Our planet has reached its current state in 4.6 Billion years, through slow processes that are generally imperceptible on a human time scale, with the exception of catastrophic events such as earthquakes, volcanic eruptions, and meteorite impacts. Only in the late Quaternary the time resolution of the events is sometimes at the centennial or decadal scale.

The possibility to place time constraints on past events and to determine their life span is the essence of geology and it is a key to understand the present state and envisage the near future of the Earth.

All chemical, physical and biological processes that are time dependent (Physical Stratigraphy and Biostratigraphy), the neo-formation of nuclides together with the radioactive decay of isotopes present since the formation of our planet, as well as the fluctuations in the Earth's magnetic field, are used to reconstruct the history of our planet. The problem to be solved, the type of material and its state, the time frame that can be explored and the resolution that is needed together determine the optimal experimental approach to be adopted.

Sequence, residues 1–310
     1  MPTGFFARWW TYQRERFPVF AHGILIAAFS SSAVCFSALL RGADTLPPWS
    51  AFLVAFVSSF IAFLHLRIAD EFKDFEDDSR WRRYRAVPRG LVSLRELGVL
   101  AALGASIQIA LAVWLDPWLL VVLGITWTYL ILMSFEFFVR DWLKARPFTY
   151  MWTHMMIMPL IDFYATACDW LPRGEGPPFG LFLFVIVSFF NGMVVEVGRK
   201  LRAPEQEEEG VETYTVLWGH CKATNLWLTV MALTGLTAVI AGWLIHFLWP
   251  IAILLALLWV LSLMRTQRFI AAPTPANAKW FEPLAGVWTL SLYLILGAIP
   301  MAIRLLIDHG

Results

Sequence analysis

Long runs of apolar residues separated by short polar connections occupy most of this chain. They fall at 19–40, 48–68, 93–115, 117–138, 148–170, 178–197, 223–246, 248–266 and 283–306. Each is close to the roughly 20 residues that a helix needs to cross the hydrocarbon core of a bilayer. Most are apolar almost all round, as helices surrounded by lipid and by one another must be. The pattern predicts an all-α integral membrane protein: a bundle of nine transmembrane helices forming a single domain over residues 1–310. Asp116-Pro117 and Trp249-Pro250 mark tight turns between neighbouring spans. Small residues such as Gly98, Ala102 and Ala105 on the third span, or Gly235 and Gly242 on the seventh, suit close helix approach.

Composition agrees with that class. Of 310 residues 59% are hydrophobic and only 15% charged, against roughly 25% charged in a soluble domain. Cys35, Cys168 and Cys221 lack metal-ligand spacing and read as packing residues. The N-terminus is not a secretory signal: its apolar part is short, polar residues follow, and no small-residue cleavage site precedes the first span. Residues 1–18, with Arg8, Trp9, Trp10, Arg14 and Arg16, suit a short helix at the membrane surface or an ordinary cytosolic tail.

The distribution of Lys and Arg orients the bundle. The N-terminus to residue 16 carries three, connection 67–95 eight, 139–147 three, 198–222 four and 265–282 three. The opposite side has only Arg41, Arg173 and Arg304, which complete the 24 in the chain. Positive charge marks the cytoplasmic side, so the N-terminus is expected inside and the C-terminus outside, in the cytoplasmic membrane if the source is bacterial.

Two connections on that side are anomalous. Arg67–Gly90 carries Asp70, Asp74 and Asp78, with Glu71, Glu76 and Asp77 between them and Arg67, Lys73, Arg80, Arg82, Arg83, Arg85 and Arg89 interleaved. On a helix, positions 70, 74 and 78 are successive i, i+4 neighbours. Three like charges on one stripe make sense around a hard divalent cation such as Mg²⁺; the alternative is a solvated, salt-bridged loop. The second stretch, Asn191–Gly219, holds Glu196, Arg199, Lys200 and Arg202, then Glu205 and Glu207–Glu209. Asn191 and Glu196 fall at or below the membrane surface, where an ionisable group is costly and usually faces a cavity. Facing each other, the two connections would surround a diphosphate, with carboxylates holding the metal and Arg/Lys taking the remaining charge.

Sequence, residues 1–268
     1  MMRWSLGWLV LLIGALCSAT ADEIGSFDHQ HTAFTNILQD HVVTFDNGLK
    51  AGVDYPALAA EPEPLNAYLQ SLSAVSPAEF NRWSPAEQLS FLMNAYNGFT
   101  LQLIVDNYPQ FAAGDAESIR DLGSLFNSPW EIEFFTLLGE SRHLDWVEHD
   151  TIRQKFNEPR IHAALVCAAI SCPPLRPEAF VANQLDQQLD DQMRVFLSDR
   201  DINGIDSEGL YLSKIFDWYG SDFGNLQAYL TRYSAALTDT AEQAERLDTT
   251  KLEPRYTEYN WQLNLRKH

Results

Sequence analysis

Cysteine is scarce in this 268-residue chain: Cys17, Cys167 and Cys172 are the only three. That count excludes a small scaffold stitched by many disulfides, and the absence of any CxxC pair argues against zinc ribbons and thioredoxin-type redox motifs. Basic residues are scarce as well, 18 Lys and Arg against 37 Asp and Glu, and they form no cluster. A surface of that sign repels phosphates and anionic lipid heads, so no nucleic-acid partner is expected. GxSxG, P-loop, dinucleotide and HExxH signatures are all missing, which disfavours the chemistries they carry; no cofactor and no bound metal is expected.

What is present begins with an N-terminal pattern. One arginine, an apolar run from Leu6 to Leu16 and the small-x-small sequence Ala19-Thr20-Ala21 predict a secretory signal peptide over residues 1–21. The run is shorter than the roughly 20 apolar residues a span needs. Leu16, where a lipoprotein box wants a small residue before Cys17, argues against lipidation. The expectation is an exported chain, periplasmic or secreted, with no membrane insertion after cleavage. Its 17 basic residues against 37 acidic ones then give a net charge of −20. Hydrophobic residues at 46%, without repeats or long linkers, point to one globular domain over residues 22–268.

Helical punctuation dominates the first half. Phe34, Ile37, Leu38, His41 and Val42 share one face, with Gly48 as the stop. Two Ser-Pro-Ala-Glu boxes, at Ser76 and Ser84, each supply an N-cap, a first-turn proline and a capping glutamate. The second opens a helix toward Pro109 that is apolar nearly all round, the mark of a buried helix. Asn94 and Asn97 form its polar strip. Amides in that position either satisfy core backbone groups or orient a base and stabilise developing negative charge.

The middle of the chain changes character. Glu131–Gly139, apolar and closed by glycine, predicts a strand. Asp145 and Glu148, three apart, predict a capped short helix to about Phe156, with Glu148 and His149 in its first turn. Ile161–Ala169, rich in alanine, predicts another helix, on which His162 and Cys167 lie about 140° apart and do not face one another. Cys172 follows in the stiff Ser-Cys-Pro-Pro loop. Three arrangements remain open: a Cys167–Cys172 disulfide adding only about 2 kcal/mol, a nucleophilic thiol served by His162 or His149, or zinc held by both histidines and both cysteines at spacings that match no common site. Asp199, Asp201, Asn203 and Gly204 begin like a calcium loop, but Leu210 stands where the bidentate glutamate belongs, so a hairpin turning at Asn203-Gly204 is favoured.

Research activities include:

  • Biostratigraphy and ciclostratigraphy of Cenozoic and Mesozoic sedimentary marine deposits for paleoclimatic, paleoceanographic and paleoenvironmental reconstructions;
  • Cronostratigraphy of Cenozoic and Mesozoic continental deposits for paleogeographic and paleoenvironmental reconstructions;
  • Geocronology of proximal and distal tephra for stratigraphic reconstructions;
  • U-Th-Pb, Ar-Ar and Fission Tracks geocronology of magmatic, metamorphic and sedimentary rocks;
  • Database creaton and management.

    Coordination: Marinella Laurenzi, (marinella.laurenzi(at)igg.cnr(dot)it)